St Wilfrid's Church, Davenham

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St Wilfrid's Church, Davenham
St Wilfrid's Church, Davenham, from the east
St Wilfrid's Church, Davenham is located in Cheshire
St Wilfrid's Church, Davenham
St Wilfrid's Church, Davenham
Location in Cheshire
Coordinates: 53°14′14″N 2°30′22″W / 53.2372°N 2.5060°W / 53.2372; -2.5060
OS grid reference SJ 663,713
Location Davenham, Cheshire
Country England
Denomination Anglican
Website St Wilfrid's, Davenham
History
Dedication St Wilfrid
Architecture
Status Parish church
Functional status Active
Heritage designation Grade II*
Designated 3 January 1967
Architect(s) Edmund Sharpe
Sharpe and Paley
Paley and Austin
Architectural type Church
Style Gothic Revival
Completed 1870
Specifications
Materials Red sandstone ashlar
Slate roof
Administration
Parish Davenham
Deanery Middlewich
Archdeaconry Chester
Diocese Chester
Province York
Clergy
Rector Rev Martyn Cripps
Curate(s) Rev Dr John Hughes
Assistant priest Revd Canon Michael Walters
Laity
Reader(s) Thia Hughes
Organist(s) Peter Ennion

St Wilfrid's Church, Davenham is located in the village of Davenham, Cheshire, England. The church is designated by English Heritage as a Grade II* listed building.[1] It is an active Anglican parish church in the diocese of Chester, the archdeaconry of Chester and the deanery of Middlewich.[2]

History[edit]

A church on the site was recorded in the Domesday Book. A later church was built in the 14th century and its chancel was rebuilt in 1680 and again in 1795.[3] The present church dates from 1842–44 when the body of the church was replaced, and the tower and spire were repaired, the architect being Edmund Sharpe of Lancaster. The nave was lengthened by one bay, heightened and widened, and galleries were inserted on three sides.[4] The tower was damaged when it was struck by lightning on 16 July 1850.[3] A new tower was designed by Sharpe and his partner at the time, E. G. Paley.[5] The chancel and transepts date from 1870 by the later partners in the practice, Paley and Austin.[6]

Architecture[edit]

Exterior[edit]

The church is built in red sandstone ashlar with a slate roof. Its plan consists of a west tower, a five-bay nave with a clerestory, north and south aisles, a chancel with a north vestry and a south chantry chapel, and a southwest porch. The tower has an octagonal spire with three tiers of lucarnes.[1]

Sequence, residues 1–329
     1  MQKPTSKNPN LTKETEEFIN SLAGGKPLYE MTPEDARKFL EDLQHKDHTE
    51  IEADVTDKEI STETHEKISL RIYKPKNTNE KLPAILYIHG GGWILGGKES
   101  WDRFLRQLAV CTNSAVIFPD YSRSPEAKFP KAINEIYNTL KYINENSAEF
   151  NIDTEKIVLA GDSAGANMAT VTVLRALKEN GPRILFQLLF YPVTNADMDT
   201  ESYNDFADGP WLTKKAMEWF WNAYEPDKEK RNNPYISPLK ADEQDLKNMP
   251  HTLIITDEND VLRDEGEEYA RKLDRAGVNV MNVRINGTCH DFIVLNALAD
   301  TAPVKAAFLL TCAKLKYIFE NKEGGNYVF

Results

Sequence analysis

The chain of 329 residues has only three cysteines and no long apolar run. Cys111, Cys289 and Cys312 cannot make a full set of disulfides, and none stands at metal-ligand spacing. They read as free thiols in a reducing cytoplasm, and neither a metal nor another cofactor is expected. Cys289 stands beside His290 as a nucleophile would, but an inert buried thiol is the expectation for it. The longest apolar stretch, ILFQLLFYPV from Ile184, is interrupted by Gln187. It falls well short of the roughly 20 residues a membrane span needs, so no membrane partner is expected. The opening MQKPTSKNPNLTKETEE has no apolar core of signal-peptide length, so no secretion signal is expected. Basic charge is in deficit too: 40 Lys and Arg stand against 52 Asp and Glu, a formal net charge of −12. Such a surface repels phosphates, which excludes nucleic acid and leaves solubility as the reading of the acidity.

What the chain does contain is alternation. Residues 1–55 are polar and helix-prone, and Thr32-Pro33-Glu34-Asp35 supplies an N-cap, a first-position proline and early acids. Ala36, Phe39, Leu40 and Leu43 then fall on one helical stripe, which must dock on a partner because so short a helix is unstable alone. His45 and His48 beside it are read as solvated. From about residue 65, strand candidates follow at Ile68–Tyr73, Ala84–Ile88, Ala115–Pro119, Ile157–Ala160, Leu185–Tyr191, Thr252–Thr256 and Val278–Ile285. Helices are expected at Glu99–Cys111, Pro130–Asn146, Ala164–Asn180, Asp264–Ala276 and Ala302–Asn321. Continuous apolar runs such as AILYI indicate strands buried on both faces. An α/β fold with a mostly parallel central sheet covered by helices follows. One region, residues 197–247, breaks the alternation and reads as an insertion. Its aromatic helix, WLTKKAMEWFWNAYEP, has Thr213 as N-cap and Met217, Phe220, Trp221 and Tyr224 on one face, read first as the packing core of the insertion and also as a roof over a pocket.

Interior[edit]

In the chancel is a two-arched sedilia. The reredos contains an alabaster relief depicting The Last Supper.[1] The monuments in the church include ones to William Tomkinson who died in 1770 by Benjamin Bromfield, to Mrs France who died in 1814 by S. and F. Franceys of Liverpool, to Mrs Harper dated 1833 by Francesco Pozzi of Florence with a relief of a mother and child, and to Frederick and Cecil France-Hayhurst who died in 1915, by Underwood. In the south aisle is a war memorial chapel designed by Sir Robert Lorimer. It contains a reredos with carvings of personifications of virtues, framed by carved friezes, and posts surmounted by angels. There are stained glass windows by David Evans of Shrewsbury dating from the early 19th century, and by J. C. Bewsey dated 1932.[7] There is a ring of six bells. Four of these, dated 1757, 1761 (2), and 1765 are by Rudhall of Gloucester and a bell dated 1826 is by Thomas Mears II of the Whitechapel Bell Foundry. The sixth bell, which is undated, is by William Noone.[8]

External features[edit]

In the churchyard is a table tomb to the memory of William Worthington of Leftwich, a merchant who died in 1808, and members of his family. It is listed at Grade II.[9] Also listed Grade II is the lych gate which dates from the late 19th century,[10] and was designed by E. G. Paley.[11] Also in the churchyard is a memorial to the Russell Allen family, with dates including 1927, also by Lorimer.[7] The churchyard contains 18 war graves of British service personnel, 13  from World War I, and five from World War II.[12]

See also[edit]

References[edit]

Citations

Sources